miko wrote:Catoprion mento and Pygopristis denticulata are not piranhas.
Although people give them the common names of Wimple piranhas and Lobetoothed piranhas they are not the real McCoy.
The only 3 genera cataloged as “real” Piranhas are Pygocentrus, Pristobrycon and Serrasalmus.
I want to clear up some misconceptions and errors in replies to this thread.
Ivan is correct in summation that wimpel (correct spelling) piranha (Catoprion) and the lobetoothed piranha (Pygopristis denticulata) are not 'real McCoy'.
Regarding Antonio's remarks, this is where it gets dicey. Science doesn't use common name except marginally when it comes to species. In otherwords, when the common name is used in description to a scientific name. In case, majority of the genera is loosely called piranha. Often overlooked is the Myers (1972) definition of "piranha" and "caribe". Myers limited the name to the most dangerous piranhas. Namely Pygocentrus. This definition is used mostly in laws and statutes. Not necessarily science. Though one could argue why it should also be used in science as well.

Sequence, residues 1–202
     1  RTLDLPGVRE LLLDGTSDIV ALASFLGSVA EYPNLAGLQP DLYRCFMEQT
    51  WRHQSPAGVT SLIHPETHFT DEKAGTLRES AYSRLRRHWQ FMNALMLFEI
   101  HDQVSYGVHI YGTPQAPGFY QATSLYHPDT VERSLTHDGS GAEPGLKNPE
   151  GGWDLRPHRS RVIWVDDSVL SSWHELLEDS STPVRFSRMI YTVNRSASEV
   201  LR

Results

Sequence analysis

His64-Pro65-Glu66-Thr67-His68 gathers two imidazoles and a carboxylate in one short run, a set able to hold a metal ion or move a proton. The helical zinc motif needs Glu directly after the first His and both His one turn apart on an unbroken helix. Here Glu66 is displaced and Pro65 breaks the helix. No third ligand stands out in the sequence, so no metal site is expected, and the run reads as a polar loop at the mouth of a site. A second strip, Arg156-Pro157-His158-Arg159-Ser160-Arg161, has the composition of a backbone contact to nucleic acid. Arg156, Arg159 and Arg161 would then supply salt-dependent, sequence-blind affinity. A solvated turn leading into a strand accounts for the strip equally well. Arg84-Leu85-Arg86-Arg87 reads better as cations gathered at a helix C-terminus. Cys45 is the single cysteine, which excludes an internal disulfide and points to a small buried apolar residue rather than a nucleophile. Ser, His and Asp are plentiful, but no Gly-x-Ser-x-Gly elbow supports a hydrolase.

At OPEFE, I chose to use Myers definition because it makes more sense. Native, local people are the ones that use common names most frequently. As Myers stated, when you try to pin down the fisherman on what kind of piranha it is, they will either say a verdadero (meaning TRUE) or give it another localized name if its one of the other ones that are thought to be more harmless.
Ivan is most familiar with Venezuelan caribes because he lives in Venezuela and fishes for them along with George Fear.
As for combi remarks: So what Machado is referring to, is not really the names attributed by locals, but the piranha "clade". That exists (till now) out of Serrasalmus, Pygocentrus and (partly) Pristobrycon. There are two problems rising with this. Fist of all the extincted Megapiranha paranensis. Look at the clades and you'll see the problem : excluding C.mento and P.denticulata, means also excluding M.paranensis.
He's looking at this entirely wrong and a narrow focus. In order to understand Dr. Machado-Allison, you have to understand where science is coming from. Megapiranha is simply a partial jaw. Not much to go on. It could be an extinct piranha or just another pacu that has piranha-like teeth. Like those found in Tometes, etc. We don't know. As for the term Piranha Clade, it means just that. An association with "true piranhas" ie., piranha clade and those that are not in terms of DNA. Doesn't mean DNA proves they are a "TRUE" piranha by the Myers definition, but certainly does help understand more what piranhas are.